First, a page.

I visited a beach in Bgy Binduyan today. The barangay, <bin-du-yan> is pronounced the way it’s spelled, is one of the 31 rural barangays of Puerto Princesa City.
There’s only one road. That road makes up the province-wide road system. It’s called the National Highway (meaning that it’s part of the National Highway system).
You simply follow the highway to get to Binduyan. This segment of the National Highway is beautiful since it snakes around the coastline. There are a lot of curves so you have to be an alert driver.
Binduyan’s center lies at Kilometer 79. I mention that since the signal that you’ve arrived is the kilometer marker. This marker counts the distance between the marker’s spot and a starting point. Bgy Binduyan is 79 kilometers from the starting point–perhaps to the location of the Provincial Capitol Buildings.
But before we got there, I ordered a fuel stop. Binduyan’s 79 kilometers one way. This van probably runs 10 kilometers to a liter. And I had filled up with enough fuel (500 pesos) to buy eight plus liters. Since it’s 10 kilometers to a liter and I bought eight, it meant that I had enough fuel to drive me 80 kilometers. In short 500 could only buy enough fuel for one direction. I needed another 500. As soon as I figured that out, I ordered a fuel stop.
And to my mild amazement, we did stop to buy fuel. At a sari-sari store and that was stored in coke bottles!
Unleaded gasoline, the only type I ever bought in the States, looked unfamiliar in a Coca-Cola bottle.
Unleaded cost 70 pesos per liter bottle. The other type was simply called “regular.” At first I didn’t understand. What was regular? Regular unleaded, I wondered. Then it struck me. Regular was regular leaded.
What The F! Why was leaded gasoline (i.e., gasoline that contained lead in the form of an additive) still being sold? Stateside, mere possession of leaded gasoline in a regular on-road vehicle carries a maximum $10,000 fine. It’s that bad. It’s a bad idea to let lead (which poisons us) be in anything that humans contact. And lead is poisonous not just by touch, but also by smell. In the Philippines, is leaded gasoline that much more profitable that it’s retained as a choice?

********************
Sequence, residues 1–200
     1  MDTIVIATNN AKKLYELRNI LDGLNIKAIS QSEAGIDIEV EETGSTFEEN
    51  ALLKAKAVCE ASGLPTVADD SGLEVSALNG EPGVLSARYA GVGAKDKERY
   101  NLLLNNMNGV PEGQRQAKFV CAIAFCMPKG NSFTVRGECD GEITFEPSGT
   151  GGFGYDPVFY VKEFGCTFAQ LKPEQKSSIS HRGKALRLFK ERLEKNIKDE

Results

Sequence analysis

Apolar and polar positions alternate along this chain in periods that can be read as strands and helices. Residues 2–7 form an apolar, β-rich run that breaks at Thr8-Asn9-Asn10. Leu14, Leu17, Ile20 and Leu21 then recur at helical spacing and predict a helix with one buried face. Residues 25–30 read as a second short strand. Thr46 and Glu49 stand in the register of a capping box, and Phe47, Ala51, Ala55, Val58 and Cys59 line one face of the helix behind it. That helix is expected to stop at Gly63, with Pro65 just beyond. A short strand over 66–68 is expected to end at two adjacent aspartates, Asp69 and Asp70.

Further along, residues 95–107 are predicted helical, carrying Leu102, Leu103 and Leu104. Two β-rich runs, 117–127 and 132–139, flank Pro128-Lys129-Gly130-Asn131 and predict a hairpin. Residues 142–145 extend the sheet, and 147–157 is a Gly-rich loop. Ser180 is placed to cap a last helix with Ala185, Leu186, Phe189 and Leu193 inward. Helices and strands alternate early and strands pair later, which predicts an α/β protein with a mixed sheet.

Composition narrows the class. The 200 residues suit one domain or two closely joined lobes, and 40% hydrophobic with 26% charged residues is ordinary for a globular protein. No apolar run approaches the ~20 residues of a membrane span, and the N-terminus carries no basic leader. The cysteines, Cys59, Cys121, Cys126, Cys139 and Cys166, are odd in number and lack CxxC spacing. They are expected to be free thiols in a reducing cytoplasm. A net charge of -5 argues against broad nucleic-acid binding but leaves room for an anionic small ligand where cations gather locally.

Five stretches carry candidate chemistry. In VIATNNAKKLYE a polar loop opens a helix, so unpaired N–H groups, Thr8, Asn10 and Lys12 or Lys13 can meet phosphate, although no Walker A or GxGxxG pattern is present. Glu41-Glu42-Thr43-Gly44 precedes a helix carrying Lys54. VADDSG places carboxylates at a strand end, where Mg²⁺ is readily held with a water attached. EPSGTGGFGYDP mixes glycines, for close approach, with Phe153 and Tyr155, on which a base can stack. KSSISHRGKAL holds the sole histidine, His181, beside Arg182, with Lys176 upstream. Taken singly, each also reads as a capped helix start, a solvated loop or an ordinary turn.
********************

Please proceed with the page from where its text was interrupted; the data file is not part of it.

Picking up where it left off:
Could it be driven by profits? I don’t think so. Leaded gas contains lead and adding lead, or anything else for that matter, just increases cost. I don’t know. Maybe you know someone who does. I’d love to know.
Further not making sense is the fact that regular leaded was selling for 66 pesos a liter. That’s four pesos cheaper than unleaded. It’s four pesos cheaper for what appears to be a more costly product to make. That doesn’t make sense. Why don’t the manufacturers drop the regular leaded, sell only unleaded, and sell four pesos more per liter? The answer may not be economic. It may be political. I’d love to find out.
Diet Coke or Coke Zero
Diesel was not Diet Coke, Coke Zero, or even a cola. It wasn’t sold. And that puzzled me. Why not? Diesel engines are overwhelmingly preferred in the Philippines. It gets better mileage and diesel fuel is 10 pesos cheaper, per liter, than gasoline. So why not sell diesel to the larger population of diesel engine-powered vehicles? In the province, the largest consumer of diesel fuel are jeepneys. But most jeepneys are public utility vehicles and thus, are maintained so that they don’t run out of fuel. Their owners are more scrupulous. It would be a minor catastrophe if a jeepney ran out of diesel so they don’t allow it to happen. That’s why diesel in plastic liter bottles never caught on.
There aren’t enough fuel pumping stations across Palawan. Supply therefore is being met by ingenuity–entrepreneurs selling fuel in recycled bottles.
So who buys gas? Motorcycles of course. Motorcycles have become a very popular part of life here. Surpassing the notion of basic transportation, motorcycles are permanently changing people’s behavior in ways that match the way cell phones did.
It’s been an exhausting day. But Binduyan made it worth it.